Choosing Perfume For Someone

By Owen Jones

A person's scent is a unique way of expressing oneself. Some people choose the perfume they wear depending on their frame of mind, some wear one perfume during the day and another in the evening, while many people choose to wear the same scent all the time. Others have a favourite, very expensive scent that they wear only on special occasions.

Whatever someone does, the choice is a personal one. Some people use a perfume like a personal trademark, so that whenever you smell that particular bouquet, you automatically think of that one person. My mother used a scent called 'Wild Gorse' made by the monks on Caldy Island in west Wales for this purpose. Very, very few other people had that scent, as you had to go to the island to obtain it.

It is almost impossible to choose perfume for someone you do not know, unless you go for a famous, expensive name like Chanel No. 5. There are few women who would turn down a bottle of that, even if it was not their favourite perfume. The more you know the person the easier it should get, in theory at least.

So, how do you know which scents are going to be a welcome gift? That is the $65k question. There are a number of ways that reduce the odds of you making a mistake. You could take a sneak look on their dressing table to see what that person wears already.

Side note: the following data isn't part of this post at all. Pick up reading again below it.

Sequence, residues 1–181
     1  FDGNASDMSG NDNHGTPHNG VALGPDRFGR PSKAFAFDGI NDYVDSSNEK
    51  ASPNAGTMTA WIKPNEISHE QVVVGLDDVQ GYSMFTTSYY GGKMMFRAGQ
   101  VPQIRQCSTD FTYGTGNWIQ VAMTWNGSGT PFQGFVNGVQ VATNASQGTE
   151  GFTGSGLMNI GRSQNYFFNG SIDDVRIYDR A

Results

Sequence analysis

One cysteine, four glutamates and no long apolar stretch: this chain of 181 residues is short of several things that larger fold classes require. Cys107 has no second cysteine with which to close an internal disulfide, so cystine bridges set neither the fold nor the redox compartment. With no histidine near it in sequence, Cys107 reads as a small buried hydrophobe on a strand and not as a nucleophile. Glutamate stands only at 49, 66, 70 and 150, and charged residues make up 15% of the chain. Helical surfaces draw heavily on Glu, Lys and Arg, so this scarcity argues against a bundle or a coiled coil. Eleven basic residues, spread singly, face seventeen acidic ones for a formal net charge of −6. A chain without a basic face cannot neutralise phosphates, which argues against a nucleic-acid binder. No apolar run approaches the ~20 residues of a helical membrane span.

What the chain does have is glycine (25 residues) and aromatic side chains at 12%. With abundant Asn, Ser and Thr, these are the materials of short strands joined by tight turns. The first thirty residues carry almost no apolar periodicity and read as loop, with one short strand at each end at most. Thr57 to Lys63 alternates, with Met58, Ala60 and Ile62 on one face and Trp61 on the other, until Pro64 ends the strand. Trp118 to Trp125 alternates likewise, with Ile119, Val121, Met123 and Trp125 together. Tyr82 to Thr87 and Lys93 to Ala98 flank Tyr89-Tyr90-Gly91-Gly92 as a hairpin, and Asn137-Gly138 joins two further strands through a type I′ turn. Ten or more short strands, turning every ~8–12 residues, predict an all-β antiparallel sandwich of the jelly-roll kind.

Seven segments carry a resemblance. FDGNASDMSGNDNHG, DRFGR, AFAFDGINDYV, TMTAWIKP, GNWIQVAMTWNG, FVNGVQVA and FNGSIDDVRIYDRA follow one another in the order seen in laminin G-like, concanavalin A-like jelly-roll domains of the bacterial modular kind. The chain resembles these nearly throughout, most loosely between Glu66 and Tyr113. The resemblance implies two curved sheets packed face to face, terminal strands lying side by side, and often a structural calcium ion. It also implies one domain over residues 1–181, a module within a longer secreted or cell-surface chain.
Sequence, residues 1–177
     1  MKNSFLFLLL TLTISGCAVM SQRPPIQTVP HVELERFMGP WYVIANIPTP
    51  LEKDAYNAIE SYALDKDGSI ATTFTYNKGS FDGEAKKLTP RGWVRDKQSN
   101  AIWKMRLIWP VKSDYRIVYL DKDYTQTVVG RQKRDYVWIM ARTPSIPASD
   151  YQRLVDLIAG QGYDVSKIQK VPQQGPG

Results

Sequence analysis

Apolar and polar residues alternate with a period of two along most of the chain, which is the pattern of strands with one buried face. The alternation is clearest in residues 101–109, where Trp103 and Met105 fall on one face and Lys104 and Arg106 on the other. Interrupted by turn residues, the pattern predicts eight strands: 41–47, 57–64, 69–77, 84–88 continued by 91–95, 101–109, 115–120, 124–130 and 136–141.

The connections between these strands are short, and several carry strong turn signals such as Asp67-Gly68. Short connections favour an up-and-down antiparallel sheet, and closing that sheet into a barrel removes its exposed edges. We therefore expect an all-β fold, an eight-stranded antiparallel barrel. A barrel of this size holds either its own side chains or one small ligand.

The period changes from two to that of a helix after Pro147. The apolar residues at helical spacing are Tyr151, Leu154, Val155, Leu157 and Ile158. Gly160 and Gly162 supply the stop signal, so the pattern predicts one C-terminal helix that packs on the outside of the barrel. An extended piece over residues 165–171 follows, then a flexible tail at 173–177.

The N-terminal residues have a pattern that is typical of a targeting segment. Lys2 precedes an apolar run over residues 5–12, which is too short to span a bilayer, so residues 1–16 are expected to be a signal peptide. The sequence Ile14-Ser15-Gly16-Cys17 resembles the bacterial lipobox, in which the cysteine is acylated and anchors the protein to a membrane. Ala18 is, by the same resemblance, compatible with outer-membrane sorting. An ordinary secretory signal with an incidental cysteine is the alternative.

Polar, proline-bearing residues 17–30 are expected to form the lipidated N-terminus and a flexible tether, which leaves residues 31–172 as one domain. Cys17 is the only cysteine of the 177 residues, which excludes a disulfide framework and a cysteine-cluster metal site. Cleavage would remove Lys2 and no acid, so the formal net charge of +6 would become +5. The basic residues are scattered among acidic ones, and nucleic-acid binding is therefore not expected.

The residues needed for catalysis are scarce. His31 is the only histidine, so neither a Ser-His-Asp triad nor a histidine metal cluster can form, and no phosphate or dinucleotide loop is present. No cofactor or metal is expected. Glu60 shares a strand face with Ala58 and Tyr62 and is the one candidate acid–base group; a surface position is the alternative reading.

If you plan far enough in advance, you could bring it up in conversation with an off-hand compliment like: 'Oh, what a lovely scent/after shave! I like that. What is it called?'. But you have to do it weeks before you need the intelligence.

Or you could choose a scent that brings a special memory to mind, like the perfume that was worn on their wedding day, anniversary, or graduation day. Perfumes like these bring back pleasant memories and make them feel good by association. If you are not a bosom buddy of the one you want to buy for, you could ask their friends' advice.

If you want to give a present of scent to someone that you want to remember you by, why not invite them out for a meal or a show and a meal and present the perfume in the restaurant? Most perfumes lose their potency after four or five hours, which is why many women top up every now and again with a spray from their handbags. Very few men do this.

So, if you give the perfume later on in the evening, there is less chance of it clashing with what they are already wearing, meaning that someone is more likely to dab a bit on there and then, thereby associating the bouquet in their memory with the night you took them out. Just make certain it was a good night out.

If all of the above fails, then most shops offer perfume gift sets which include the perfume , a powder and body wash. These perfume gift boxes are a decent alternative, even if the person only wears it to go to bed or around the house. - 31520

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